FRANKFORT — A former Clay County precinct worker testified Friday that top election officers in the county taught her how to change people's choices on voting machines to steal votes in the May 2006 primary.
Wanda White testified that Clerk Freddy Thompson — the county's chief election officer — helped show her how to manipulate voting machines along with Charles Wayne Jones, the Democratic election commissioner.
The scheme involved duping people to walk away from the voting computer before they had finished their selections, then changing their choices, said White, the Democratic judge in a precinct in Manchester.
White said she stole more than 100 votes that election.
"It was easy done," she said.
White said she also went into the booth with people who had sold their vote to make sure they cast ballots for the candidates who had paid.
White testified Friday in the continuing trial of eight Clay County residents who allegedly took part in a scheme to rig elections over several years.
Those charged are former Circuit Judge R. Cletus Maricle; former county school Superintendent Douglas Adams; Thompson, who is still clerk; Jones; William Stivers, a former election officer; Magistrate Stanley Bowling; and William "Bart" Morris and his wife, Debra.
The eight have strongly denied the charges and say witnesses against them have lied to help themselves. Most witnesses so far have been convicted felons who would like to get their sentences cut.
White, who is in her early 40s, said she agreed to help the FBI in return for not being charged. That deal requires her to testify truthfully, she said.
Defense attorneys haven't yet cross-examined White.
White said Maricle, then the circuit judge for Clay, Jackson and Leslie counties, asked her to switch her registration from Republican to Democrat and serve as an officer in a Manchester precinct in the 2006 primary.
Maricle's son-in-law, Phillip Mobley, planned to run for property valuation administrator that year. Her understanding was that Maricle wanted her to work inside the polling place to help rig the election for Mobley, White said.
The vote-buyers took advantage of some confusion caused by new voting machines the county had that year, White said.
The machines had a "Vote" button that people could push to review their choices, then a second button they had to push to record the choices and finish voting.
At Maricle's direction, she went to Stivers, who taught her about distracting voters so they would leave the machine after pushing the review button, but before they'd recorded their choices, White said.
Thompson and Jones used a voting machine to show her and Charles "Dobber" Weaver how to change votes, White said.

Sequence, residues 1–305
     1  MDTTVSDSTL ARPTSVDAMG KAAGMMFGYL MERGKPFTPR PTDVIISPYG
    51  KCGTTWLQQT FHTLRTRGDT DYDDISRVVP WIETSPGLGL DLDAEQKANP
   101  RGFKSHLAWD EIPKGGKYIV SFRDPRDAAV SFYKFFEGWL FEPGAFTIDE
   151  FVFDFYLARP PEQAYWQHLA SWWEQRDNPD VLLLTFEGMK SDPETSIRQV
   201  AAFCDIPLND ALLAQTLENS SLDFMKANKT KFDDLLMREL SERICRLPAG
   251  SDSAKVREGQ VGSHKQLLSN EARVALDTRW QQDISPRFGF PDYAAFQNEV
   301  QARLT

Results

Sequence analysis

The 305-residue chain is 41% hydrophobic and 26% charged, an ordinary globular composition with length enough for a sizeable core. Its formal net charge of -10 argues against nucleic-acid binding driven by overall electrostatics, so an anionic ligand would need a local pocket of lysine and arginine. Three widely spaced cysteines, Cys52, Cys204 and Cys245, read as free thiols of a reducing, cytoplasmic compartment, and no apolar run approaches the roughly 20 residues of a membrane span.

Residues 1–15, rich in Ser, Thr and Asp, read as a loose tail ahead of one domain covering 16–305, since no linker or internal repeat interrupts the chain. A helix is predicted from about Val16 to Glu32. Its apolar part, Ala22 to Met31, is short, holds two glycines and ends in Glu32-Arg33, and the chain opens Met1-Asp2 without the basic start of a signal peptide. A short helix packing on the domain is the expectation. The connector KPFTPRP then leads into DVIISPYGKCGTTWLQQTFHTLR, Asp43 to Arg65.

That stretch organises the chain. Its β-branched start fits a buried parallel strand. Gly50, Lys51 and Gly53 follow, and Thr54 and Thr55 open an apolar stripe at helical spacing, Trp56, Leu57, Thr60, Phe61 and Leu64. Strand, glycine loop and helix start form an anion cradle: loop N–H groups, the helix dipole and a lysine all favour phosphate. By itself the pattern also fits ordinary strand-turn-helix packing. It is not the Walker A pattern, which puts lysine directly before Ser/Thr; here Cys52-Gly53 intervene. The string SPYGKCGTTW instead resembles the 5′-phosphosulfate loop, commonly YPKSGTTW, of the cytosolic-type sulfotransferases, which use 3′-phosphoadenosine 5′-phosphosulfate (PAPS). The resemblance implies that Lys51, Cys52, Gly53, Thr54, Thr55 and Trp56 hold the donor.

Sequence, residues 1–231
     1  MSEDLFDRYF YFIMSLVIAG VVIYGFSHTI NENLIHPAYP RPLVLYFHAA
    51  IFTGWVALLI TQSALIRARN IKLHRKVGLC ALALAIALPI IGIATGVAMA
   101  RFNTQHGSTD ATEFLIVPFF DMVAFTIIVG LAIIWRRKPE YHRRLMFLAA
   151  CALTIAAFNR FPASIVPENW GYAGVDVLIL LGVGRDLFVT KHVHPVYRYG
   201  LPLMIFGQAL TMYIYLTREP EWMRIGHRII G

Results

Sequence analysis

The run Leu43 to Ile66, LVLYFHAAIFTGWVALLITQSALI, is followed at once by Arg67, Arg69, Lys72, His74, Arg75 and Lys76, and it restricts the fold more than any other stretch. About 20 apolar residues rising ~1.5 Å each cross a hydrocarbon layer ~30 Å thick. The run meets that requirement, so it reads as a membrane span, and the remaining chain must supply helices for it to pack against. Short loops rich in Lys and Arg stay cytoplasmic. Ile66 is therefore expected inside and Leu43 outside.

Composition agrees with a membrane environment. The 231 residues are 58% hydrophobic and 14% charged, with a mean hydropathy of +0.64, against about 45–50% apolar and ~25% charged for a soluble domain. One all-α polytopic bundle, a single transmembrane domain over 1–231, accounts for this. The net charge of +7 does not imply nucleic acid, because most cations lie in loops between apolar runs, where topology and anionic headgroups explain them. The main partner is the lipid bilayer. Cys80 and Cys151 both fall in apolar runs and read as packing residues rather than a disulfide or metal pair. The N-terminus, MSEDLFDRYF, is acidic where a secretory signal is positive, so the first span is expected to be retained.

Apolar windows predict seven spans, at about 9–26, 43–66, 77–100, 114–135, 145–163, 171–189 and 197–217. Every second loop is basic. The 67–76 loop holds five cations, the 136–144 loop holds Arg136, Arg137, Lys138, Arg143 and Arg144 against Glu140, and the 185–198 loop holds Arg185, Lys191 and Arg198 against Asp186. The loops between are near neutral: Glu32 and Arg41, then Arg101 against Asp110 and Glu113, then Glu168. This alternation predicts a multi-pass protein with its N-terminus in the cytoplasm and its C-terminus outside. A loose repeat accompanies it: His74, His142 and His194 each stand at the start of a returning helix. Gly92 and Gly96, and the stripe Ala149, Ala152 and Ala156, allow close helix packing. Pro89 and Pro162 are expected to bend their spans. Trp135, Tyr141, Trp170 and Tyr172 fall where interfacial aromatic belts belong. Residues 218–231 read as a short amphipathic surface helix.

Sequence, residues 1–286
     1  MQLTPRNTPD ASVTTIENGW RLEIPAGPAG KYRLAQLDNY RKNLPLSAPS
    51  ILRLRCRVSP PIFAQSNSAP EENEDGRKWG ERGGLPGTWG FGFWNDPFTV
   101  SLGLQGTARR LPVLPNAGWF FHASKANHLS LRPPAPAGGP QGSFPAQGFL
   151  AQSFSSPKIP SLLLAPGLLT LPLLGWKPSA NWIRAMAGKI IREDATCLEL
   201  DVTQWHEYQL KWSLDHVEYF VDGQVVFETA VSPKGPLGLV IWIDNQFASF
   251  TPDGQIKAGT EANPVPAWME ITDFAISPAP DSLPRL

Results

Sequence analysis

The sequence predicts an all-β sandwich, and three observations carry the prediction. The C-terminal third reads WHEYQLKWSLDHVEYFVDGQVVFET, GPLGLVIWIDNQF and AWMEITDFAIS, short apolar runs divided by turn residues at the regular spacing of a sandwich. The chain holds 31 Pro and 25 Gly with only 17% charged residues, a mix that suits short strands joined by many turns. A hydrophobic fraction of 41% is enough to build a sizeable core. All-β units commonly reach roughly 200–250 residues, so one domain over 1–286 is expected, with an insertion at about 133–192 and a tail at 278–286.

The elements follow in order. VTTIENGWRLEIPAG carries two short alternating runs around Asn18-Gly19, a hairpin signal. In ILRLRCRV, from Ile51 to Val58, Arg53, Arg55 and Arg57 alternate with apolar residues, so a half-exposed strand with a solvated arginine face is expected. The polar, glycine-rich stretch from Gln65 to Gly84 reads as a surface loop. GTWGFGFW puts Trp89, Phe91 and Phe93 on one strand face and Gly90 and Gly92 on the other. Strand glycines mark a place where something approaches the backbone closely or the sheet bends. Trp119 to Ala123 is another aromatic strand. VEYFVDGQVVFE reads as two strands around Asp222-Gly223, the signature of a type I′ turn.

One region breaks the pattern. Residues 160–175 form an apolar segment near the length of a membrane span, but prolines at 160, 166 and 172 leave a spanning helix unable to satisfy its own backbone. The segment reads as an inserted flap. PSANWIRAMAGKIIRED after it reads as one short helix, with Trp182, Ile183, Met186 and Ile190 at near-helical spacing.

White said they did that at the clerk's office after legitimate training for all election workers. She and Weaver stayed late to learn how to manipulate the machines, White said.
Weaver, then the Manchester fire chief, was the Republican judge in the precinct where White was the Democratic judge in May 2006.
White said that even though she and Weaver were of opposite parties, they worked together on Election Day.
She would strike up conversations with people she knew, White said, ushering them away from the voting machine while Weaver slipped in to change votes, or changing votes herself when Weaver got someone to step away too early.
White said the two other officers at the precinct — Manchester lawyer Carl Anthony Short and Lucy Marcum, the sister of then-Jailer Charles Marcum — were aware of the fraud.
The alleged scheme also involved buying votes, White said.
Bowling identified people who would sell their votes that year, while the Morrises and others took part in paying people, White said.
Mobley won the election. At a celebration at his house that night, Maricle told her, "You could've done no better," White said.
Several witnesses have testified that it was customary in Clay County for slates of candidates to join together and pool their money in a unified vote-buying effort.
White said the slate Mobley was on in 2006 — the one she was to work for — included judge-executive candidate Carl "Crawdad" Sizemore; Tommy Harmon, who was running for magistrate; Kevin Johnson, who was running for sheriff; and Circuit Clerk James Phillips, who was seeking re-election.
White did not testify that she saw any of those candidates put in cash for vote-buying.
She did say, however, that she was aware of a number of people putting up cash to buy votes in earlier elections, including Jennings B. White, who was clerk two terms; Judge-Executive James Garrison; and Barbara White Colter, who served several terms as state representative.
Colter lost in 2002. When she tried a comeback in 2004, she borrowed $20,000 from Kennon and Wanda White to buy votes, Wanda White said.
Colter repaid the money before the election, which she lost, White said.